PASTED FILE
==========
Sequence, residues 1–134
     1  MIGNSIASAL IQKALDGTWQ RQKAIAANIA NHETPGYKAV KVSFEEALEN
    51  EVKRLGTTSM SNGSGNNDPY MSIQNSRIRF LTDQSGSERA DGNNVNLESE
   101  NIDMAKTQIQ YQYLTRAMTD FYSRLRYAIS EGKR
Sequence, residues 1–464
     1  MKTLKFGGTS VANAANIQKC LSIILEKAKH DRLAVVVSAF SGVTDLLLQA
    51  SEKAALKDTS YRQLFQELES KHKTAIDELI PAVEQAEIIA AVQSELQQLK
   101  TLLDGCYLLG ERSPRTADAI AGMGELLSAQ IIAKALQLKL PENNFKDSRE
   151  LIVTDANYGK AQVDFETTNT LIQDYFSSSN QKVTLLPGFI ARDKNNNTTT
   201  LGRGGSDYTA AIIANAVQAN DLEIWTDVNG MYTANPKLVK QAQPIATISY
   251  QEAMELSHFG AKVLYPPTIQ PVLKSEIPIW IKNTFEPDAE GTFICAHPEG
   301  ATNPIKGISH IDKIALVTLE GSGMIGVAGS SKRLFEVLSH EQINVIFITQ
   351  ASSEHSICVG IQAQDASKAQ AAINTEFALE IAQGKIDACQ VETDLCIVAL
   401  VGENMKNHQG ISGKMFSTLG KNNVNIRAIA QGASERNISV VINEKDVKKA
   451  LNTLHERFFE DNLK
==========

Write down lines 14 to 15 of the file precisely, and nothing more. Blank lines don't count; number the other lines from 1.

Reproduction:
   401  VGENMKNHQG ISGKMFSTLG KNNVNIRAIA QGASERNISV VINEKDVKKA
   451  LNTLHERFFE DNLK